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Technical Memorandum: Emissions Factors for Condensable Particulate Matter Emissions from EGUs

August 20, 2008 Page





DATE: August 20, 2008

TO: Julie R. McDill

Senior Engineer

Mid-Atlantic Regional Air Management Association, Inc.

8600 LaSalle Road Suite 636

Baltimore, MD 21286
FROM: Arthur Werner, MACTEC

William Hodan, MACTEC

Scott Justice, MACTEC
MACTEC Project 827008G233
SUBJECT: Emissions Factors for Condensable Particulate Matter Emissions from Electric Generating Units

Introduction

Accurate emissions factors are needed to model the effect of condensable emissions on regional haze in the MANE VU region. Particulate matter smaller than 2.5 micrometers in diameter (PM2.5) emitted from stationary sources has two components, particles that are solid regardless of stack temperature (filterable) and gases that condense shortly after exiting the stack (condensable). For electric generating units (EGUs) burning oil or natural gas, condensable particulate matter (CPM) emissions can be greater than filterable emissions. However, there is a great deal of uncertainty about the best way to measure condensable emissions. Essentially all CPM emissions factors in EPA’s WebFIRE (the database containing AP-42 emissions factors) and CPM emissions data collected recently were measured using EPA Reference Method 202. In Method 202, an effluent gas stream, after passing through a filter to remove solid particulate, is bubbled through a series of impingers to collect CPM. In measuring CPM from combustion of fuels containing sulfur, it has been shown by EPA that SO2 collected in the impingers can be oxidized to sulfate and produce a variable sulfate artifact that results in overestimation of condensable emissions. In this example, if impingers are not purged with nitrogen, errors associated with the sulfate artifact may be inflated. The emissions factors in WebFIRE were developed from source test data that are more than 10 years old and may not represent newer refinements to Method 202. See the following link for more information on Method 202 and the nitrogen purge: http://www.epa.gov/ttn/emc/methods/method202.html.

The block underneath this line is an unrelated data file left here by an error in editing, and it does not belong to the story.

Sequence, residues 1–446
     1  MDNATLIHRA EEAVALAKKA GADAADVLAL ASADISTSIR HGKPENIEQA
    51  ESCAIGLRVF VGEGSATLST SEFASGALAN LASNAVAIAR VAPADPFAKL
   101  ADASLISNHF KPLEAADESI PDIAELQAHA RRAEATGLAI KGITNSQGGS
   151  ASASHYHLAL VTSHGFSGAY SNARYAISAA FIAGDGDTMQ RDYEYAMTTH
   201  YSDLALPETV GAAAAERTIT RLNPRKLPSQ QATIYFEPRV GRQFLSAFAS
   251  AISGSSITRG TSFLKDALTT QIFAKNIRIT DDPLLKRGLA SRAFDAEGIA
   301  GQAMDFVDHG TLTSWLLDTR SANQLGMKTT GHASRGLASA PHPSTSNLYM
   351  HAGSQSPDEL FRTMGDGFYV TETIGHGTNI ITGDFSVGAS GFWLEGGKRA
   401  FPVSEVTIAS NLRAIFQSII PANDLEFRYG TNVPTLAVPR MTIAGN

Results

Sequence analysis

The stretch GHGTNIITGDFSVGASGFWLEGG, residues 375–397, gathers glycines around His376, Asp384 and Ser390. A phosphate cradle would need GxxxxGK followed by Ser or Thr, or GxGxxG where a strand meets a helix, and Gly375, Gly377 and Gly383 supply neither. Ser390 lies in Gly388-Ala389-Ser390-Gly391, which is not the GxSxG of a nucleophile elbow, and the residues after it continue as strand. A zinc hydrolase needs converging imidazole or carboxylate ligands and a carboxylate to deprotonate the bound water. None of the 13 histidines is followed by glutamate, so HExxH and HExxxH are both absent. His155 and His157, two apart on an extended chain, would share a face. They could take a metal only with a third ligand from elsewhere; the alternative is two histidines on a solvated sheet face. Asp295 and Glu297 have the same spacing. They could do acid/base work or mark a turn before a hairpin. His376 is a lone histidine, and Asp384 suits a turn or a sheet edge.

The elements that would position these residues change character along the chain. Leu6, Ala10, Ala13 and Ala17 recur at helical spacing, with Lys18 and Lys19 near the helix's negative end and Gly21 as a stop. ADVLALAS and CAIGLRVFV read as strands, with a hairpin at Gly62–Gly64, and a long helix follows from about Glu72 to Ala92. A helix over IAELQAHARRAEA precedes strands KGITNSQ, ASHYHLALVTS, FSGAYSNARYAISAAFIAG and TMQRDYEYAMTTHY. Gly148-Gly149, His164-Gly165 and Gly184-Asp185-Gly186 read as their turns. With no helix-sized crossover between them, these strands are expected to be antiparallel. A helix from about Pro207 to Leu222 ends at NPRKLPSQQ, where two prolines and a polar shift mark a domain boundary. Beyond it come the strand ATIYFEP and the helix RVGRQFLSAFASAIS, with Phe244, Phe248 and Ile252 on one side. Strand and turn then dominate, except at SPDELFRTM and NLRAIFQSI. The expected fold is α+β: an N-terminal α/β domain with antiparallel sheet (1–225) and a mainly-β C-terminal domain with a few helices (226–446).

Because of these and other uncertainties, condensable emissions were not calculated uniformly across all states in the MANE-VU region in the 2002 emissions inventory. For the future year MANE VU (2009, 2012, and 2018) emissions inventories, MARAMA has requested that MACTEC evaluate available data on condensable emissions from EGUs and recommend emissions factors to be used for the future year inventories.

Summary of Existing AP-42 CPM Emissions Factors

To establish a baseline for the condensable emissions factors used in the 2002 MANE VU emissions inventory and to compare the existing AP-42 emissions factors with emissions factors developed from recent source tests, we first reviewed EPA’s FIRE (version 6.25) to identify all EGU source/fuel/control device combinations for which AP-42 emissions factors and other factors are provided for CPM and PM2.5. These emissions factors are attached in an ACCESS database (Attachment 1). The attached database contains all 121 CPM and 51 PM2.5 emissions factors that are in the most recent version of FIRE (version 6.25). FIRE 6.25 contains all emissions factors published in AP-42 prior to October 2004. This includes the most recent updates to AP‑42 Chapters 1 and 3, which contain all the external and internal combustion emissions factors associated with EGUs and other large combustion sources. The 121 CPM and 51 PM2.5 EGU emissions factors in FIRE 6.25 are based on only 16 unique emissions factors (14 from AP‑42 and 2 others). The 172 emissions factors were assigned by assuming that each unique factor can be applied to a large number of source classification codes (SCCs) similar to the one for which the factor was actually developed.


The 121 CPM EGU emissions factors represent 14 unique emissions factors from the following AP-42 sections (number of unique emission factors in parentheses):


  • AP-42 Section 1.1: Bituminous and Subbituminous Coal Combustion (3)

  • AP-42 Section 1.2: Anthracite Coal Combustion (1)

  • AP-42 Section 1.3: Fuel Oil Combustion (2)